Discussion in 'Tomato Firmware' started by gawd0wns, Jun 6, 2014.
v1.0.1h has been released
Yup, I'm (we?) aware. The implications here are more serious than Heartbleed, FYI:
It'll be a matter of days/weeks before things get updated in TomatoUSB, so users should please be patient. And on TomatoUSB this only affects things like people using OpenVPN (as a client or server), or using the HTTPS "Remote Administration" capability (which people should just shut off and instead use SSH + port forward/tunnel).
Does this bug compromise private keys or the certificate authority for an OpenVPN setup? Or is it enough simply to update the firmware without needing to recreate the OpenVPN credentials?
My impression is that you would not need to regenerate keys in this case (i.e. the MITM attack could be used regardless). If you want to be safe, after things are fixed + firmware released, sure go ahead and regenerate keys. But my impression is that the attack can be used regardless.
But as usual the only people who seem to know the answers to these type of questions are those who actually understand the OpenSSL code (and all these bugs are proof there are too few people who do).
Any good soul would compile a static version of openvpn with the new openssl library?
You're a life saver, lancethepants!
Hey, I have a question, since I'm considering a new router - I'm guessing these static compiled binaries don't work on the new ARM routers, right? I'm trying to decide between an AC-68U (ARM) and AC-66U. (MIPS) It seems like the MIPS ones are the better bets right now, at least until ARM support catches up?
Right, binaries will not work across different architectures. For mips I like to use the toolchain that entware uses. I'm currently using a musl libc based toolchain for arm binaries, so I have been able to make a few I've wanted that way. Mips has been around for a while, is more stable, and you have entware there too (hopefully coming to arm). Arm is newer and still being heavily worked on, but should be significantly faster than their mips cousins. Just personal preference and needs.
Thank you sir
Thanks from me as well!
Hey all, quick question.
I'm looking to free up NVRAM space on my RT-N16. Since I'm already running OpenVPN on WAN Up, can I shove the certs onto cifs1 and point it to them via launch cmdline? (or perhaps edit the launch script somewhere?)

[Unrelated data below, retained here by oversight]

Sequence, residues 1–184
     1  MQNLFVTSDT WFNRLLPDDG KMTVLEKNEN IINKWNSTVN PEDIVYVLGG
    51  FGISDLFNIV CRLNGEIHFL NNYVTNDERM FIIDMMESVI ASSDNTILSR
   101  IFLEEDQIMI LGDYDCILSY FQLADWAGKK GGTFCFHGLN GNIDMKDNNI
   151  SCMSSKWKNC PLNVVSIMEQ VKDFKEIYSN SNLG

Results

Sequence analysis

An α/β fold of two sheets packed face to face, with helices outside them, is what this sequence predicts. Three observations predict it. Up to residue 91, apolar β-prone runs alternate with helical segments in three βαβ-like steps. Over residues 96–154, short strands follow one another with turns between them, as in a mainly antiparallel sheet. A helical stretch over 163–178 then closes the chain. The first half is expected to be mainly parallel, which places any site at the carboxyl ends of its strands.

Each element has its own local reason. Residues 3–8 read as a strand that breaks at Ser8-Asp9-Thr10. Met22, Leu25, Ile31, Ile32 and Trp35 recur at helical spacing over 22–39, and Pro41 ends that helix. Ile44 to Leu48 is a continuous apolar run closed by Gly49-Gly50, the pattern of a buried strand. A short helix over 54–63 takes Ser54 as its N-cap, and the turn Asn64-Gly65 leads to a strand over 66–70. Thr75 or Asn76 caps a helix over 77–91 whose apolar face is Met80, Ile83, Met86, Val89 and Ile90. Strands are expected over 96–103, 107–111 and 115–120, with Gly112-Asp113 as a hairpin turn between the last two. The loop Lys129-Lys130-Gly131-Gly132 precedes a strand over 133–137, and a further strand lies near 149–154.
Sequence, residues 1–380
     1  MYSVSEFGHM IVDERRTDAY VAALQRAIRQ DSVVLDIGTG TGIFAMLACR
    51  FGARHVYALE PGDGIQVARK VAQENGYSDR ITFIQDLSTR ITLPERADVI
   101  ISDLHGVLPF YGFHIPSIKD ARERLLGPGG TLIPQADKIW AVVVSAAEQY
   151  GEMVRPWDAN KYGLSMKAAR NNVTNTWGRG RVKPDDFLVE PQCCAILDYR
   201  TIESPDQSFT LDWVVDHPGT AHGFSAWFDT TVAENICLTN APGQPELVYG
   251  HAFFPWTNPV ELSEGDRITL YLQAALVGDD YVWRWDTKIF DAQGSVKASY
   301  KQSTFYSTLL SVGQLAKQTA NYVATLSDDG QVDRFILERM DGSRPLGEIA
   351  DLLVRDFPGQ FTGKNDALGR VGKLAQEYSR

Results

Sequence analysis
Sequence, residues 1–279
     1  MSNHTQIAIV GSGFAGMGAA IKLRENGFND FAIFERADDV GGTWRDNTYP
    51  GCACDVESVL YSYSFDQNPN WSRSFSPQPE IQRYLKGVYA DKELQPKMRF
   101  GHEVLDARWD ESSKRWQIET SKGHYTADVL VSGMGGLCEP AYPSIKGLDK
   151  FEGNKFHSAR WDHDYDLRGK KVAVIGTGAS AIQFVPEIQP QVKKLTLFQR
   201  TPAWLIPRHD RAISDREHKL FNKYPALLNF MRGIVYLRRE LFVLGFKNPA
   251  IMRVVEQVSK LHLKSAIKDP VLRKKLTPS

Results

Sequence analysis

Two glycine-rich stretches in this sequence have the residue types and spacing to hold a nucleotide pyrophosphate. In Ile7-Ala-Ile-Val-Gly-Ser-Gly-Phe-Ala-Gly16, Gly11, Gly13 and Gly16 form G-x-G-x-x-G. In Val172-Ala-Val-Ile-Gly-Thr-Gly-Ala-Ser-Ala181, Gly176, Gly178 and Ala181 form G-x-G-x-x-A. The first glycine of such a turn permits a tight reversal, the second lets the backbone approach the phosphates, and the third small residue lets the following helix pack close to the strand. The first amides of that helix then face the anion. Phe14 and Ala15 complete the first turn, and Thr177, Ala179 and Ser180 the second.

I was looking around on the manpage for the right switches, but it occured to me that someone here may have already done it, and a 2 minute post may save me an hour of digging. (The manpage is very verbose!)
You mean you set a script to start OpenVPN? Why not just check the box?
I used to put the OpenVPN certs in the JFFS partition on my RT-N16. That way they're always available.
Great! How did you do that?
The spots to enter in certs/keys default to NVRAM.
I have mine stored on a usb drive in the router. You would place these in the advanced tab of your OpenVPN setup in the custom configuration box. You can replace /tmp/mnt/ with /cifs1/ or wherever you are storing the certificates.
Go to Admin-JFFS and enable the partition.
Using vi, copy and paste your certificates and keys into their own files in /jffs.
Clear all the text boxes for keys in the VPN settings.
In the Advanced VPN settings, as mentioned above, add the lines
(or whatever you name the files)
The suggestion to put them on a USB drive is more flexible, since with JFFS enabled you can't upgrade the router's firmware.
Is this correct? OpenVPN seems to fail to start with anything in the custom configuration box. Hmm...
your path is wrong, space between / jffs
Do a " cat /jffs/ca.crt " and se if you can read ca.crt
Huh? There's no space there. Cat outputs all the files just fine.
Any other ideas? Could one of my other settings be stopping it from starting? I did change over to 4096 bit - is that too much for a router to handle?